U.S.A.:Ford warranty fight brews
By Mark Truby / The Detroit News
DEARBORN -- Ford Motor Co. is facing a backlash from dealers and mechanics upset over planned cuts in reimbursements for warranty repairs.
Ford, which is in the midst of a corporatewide cost-cutting push, has told dealers it is reviewing the amount of time it should take mechanics at Ford, Lincoln and Mercury dealerships to complete specific repair jobs covered under warranty.
Ford separately told dealers that it would scale back customer service programs on its luxury Lincoln brand.
Under the broader warranty work review, Ford is developing and testing faster repair processes for specific repairs, which will allow the company to reimburse dealers for fewer labor hours. The changes are expected to be rolled out over the next year.
Ford is risking a repeat of an uproar caused in 1998 and 1999, the last time it overhauled the so-called warranty labor-time standards. The reductions infuriated dealers and mechanics who depend on revenue generated from warranty repairs.
"Dealers are not happy Ford is looking at labor times again," said Tom Murphy, owner of Northeast Lincoln Mercury in Philadelphia and chairman of the Lincoln Mercury dealer council. "It's a very contentious issue."
Such battles between major automakers and their dealer-service networks often take place during down times in the industry. Ford has experienced an especially contentious relationship with its dealers in recent years, in part because of the automaker's short-lived foray into retailing by buying dealerships outright.
Dealers contend the diminished warranty reimbursements will not only hurt their business but make it difficult to attract and keep competent automotive technicians.
Some angry Ford technicians are leading a push to unionize mechanics to fight warranty labor time changes and other issues.
"It's getting to the point where many of us don't want to do warranty work," said Mark Ward, a technician working at a Ford dealership in Eufaula, Okla. "It's not worth it."
Ward is a co-founder of the Web site flatratetech.com, which has become a sounding board for concerned car mechanics.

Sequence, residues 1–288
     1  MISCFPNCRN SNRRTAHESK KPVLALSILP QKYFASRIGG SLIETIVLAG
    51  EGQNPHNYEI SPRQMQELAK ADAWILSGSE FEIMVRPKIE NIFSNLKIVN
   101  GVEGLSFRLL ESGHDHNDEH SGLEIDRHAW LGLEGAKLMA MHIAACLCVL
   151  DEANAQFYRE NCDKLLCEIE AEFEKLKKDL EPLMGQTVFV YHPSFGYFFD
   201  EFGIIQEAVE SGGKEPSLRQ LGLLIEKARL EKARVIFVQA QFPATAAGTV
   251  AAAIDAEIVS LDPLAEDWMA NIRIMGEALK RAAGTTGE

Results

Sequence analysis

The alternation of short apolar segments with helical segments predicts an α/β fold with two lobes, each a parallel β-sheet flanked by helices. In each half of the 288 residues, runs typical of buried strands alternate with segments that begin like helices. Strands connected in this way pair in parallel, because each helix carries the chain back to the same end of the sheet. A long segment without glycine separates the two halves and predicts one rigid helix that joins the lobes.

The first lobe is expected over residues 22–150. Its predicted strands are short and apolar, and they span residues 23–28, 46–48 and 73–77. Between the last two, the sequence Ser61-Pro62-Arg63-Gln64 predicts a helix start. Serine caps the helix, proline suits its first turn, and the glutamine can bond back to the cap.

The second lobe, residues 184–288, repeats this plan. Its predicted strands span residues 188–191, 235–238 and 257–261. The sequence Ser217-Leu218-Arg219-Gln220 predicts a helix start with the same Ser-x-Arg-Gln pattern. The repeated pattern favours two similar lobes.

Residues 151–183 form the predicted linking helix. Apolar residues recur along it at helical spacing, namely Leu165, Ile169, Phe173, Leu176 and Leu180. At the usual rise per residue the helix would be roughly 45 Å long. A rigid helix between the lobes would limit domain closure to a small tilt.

Ford spokesman Glenn Ray said the company is seeking to become more efficient but will listen to specific complaints.
"We believe our current labor rates are fair and were reached through validated research," Ray said.
The issue came to a head during meetings in Dearborn in mid-June between Ford officials, dealers and technicians. According to people in attendance, the meeting became heated when Ford outlined its plans for revised labor times.
Mechanics openly challenged Ford officials' contention, for example, that a Taurus sedan's steering rack could be replaced and realigned in 1.3 hours, rather than the four hours the automaker currently allows.
Ford officials said warranty reduction efforts were necessary to close the gap with the likes of Toyota Motor Co.p., which spends $300 less per car on warranty costs than Ford, according to meeting minutes obtained by The Detroit News.
The company "must reduce warranty cost to continue investing in the business," the minutes said.
Ford pays dealers about $70 an hour for warranty work. Dealers then pay mechanics a percentage of that fee based on the job and the mechanic's level of experience and training.
Dealers are particularly sensitive to changes to warranty payments because the improved quality of cars and trucks has led to a decline in repair work. Ford has said its warranty spending is down 20 percent this year, largely because of quality advances.
Garland, Texas, dealer Jerry Reynolds said another major revision of warranty labor rates could cause a severe backlash among dealers and technicians.
"The cuts they made in 1999 were very serious," he said. "If they do it again, I don't know what will happen, but it won't be good."
In a related cost-reduction effort, Ford is scaling back two customer service programs designed to improve owner loyalty at its luxury Lincoln brand.
According to an e-mail sent to dealers Friday, the Lincoln Commitment and Lincoln Complimentary Maintainence Program were significantly revised for the 2004 model year.
* Lincoln owners will receive complimentary oil changes, tire rotations and inspections for one year or 12,000 miles, down from three years, 36,000 miles. Parts such as wiper blades, spark plugs and engine belts will not be replaced.
n Emergency roadside assistance will be limited to four years and 50,000 miles. Through 2003, there had been no mileage limit.
n Emergency travel reimbursement, destination assistance and trip planning service have been eliminated from the program.
n The Lincoln Commitment package is no longer transferable to other owners.
Spokesman Todd Nissen said Lincoln's customer service program remains competitive with other luxury brands.
"It was a situation where we could still offer a pretty generous program and save money."
My first car was a 67 Mustang Coupe, 2nd one was a 67 Cougar XR-7, 3rd one was a 66 Mustang Coupe. Why did I get rid of these cars for ? I know why, because I'm stupid, stupid, stupid.
My next Ford.....